"A Faithful Attempt" is designed to showcase a variety of K-12 art lessons, the work of my art students, as well as other art-related topics. Projects shown are my take on other art teacher's lessons, lessons found in books or else designed by myself.
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LAND ACKNOWLEDGEMENT I acknowledge, with deep respect, that I am gathered on Treaty 7 territory. I acknowledge the many First Nations, Métis and Inuit whose footsteps have marked these lands for generations. I respect the histories, languages and cultures all the Indigenous peoples of Canada, whose presence continues to enrich our community.

Sunday, January 8, 2012

Soapy Snowmen

This is a snowman sculpture project that I tried with a Grade 5 class some time ago before I had a kiln. I was wanting to do a sculptural project in something other than papier mache, which we had already done. So I found this fun looking snowman project, which uses powdered laundry soap, here on the Family Fun website. I thought it had great potential...hmmmmm.....

One thing I learnd after doing this is that it's sometimes imperative to follow the directions in terms of ingredients! To create these snowmen, the recipe calls for Ivory Snow mixed with water to form a dough. Well, I was teaching in France at the time, where you can't buy that brand. I assumed any powdered laundry soap would work, so I went ahead and bought the cheapest brand I could find. I made a sample ahead of time and it all seemed ok. Once we tried it in class, though, we all seemed to find our hands stung a little bit while working with it; then I realized there was probably bleach particles in the soap (the little blue dots in the snowmen)! Yikes!

I have since looked up Ivory Snow, and it doesn't contain any bleach. Anyway, back to the project: we finished it (very quickly- heh, heh) and the kids did enjoy it (some wanted to make two snowmen), but I also found if you worked the soap mixture too long, it had a tendency to crumble.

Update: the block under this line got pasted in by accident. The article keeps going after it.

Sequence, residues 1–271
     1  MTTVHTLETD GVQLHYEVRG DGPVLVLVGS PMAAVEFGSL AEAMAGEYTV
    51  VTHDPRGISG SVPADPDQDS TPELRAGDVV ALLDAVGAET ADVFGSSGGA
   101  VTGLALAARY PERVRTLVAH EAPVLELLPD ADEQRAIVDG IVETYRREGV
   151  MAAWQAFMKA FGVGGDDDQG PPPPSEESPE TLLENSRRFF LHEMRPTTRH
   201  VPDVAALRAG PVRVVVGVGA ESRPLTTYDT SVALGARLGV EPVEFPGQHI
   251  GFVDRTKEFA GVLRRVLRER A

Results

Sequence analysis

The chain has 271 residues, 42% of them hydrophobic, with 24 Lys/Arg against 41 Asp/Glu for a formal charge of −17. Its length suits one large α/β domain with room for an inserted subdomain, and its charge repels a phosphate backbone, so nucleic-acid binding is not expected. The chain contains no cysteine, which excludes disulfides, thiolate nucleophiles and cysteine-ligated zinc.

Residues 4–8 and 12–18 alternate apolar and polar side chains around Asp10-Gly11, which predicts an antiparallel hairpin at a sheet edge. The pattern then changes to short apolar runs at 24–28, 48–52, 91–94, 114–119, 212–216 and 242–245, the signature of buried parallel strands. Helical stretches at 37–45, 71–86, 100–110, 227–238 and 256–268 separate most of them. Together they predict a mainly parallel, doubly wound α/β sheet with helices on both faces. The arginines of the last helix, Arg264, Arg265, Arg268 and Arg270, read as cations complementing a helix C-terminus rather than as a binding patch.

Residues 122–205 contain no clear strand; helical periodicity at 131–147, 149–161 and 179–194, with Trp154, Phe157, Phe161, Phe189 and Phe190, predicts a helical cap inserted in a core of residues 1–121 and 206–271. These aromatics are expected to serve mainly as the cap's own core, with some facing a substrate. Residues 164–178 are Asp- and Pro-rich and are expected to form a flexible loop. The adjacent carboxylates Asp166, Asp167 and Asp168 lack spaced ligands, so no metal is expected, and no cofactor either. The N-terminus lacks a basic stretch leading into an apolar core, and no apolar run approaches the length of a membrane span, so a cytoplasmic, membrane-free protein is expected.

Nonetheless, everyone managed to finish one, and then they added accessories using beads, googly eyes, pipe cleaners, toothpicks, twigs, pop-poms, sequins and fabric. We cut bases out of cardboard, painted them and hot glued the snowmen to the base. Once they dried, I believe I gave them a coat of white glue in order to help strengthen them. My sample lasted all year, though it was on a shelf and no one touched it.

So, would I try this project again? Probably not! If I happen to see my Ivory Snow somewhere (I seem to recall it can be difficult to find where I live) I might try this again and see how it turns out. But on the bright side, the room smelled really nice and the tables were spotless afterwards!

This is a sample my student assistant (a Grade 12 student) made using a cornstarch dough recipe I whipped up at home. It made a really beautiful, smooth white clay, but it took so long to make (it's a cooked recipe), I decided it wasn't worth the time and energy. But for a parent at home with their kids, I really like cornstarch clay. For the fake snow, we used the amazing half shaving cream, half white glue mixture- works like a charm and dries nice a puffy.

1 comment:

Anonymous said...

My mom used to make the Snowman every other year

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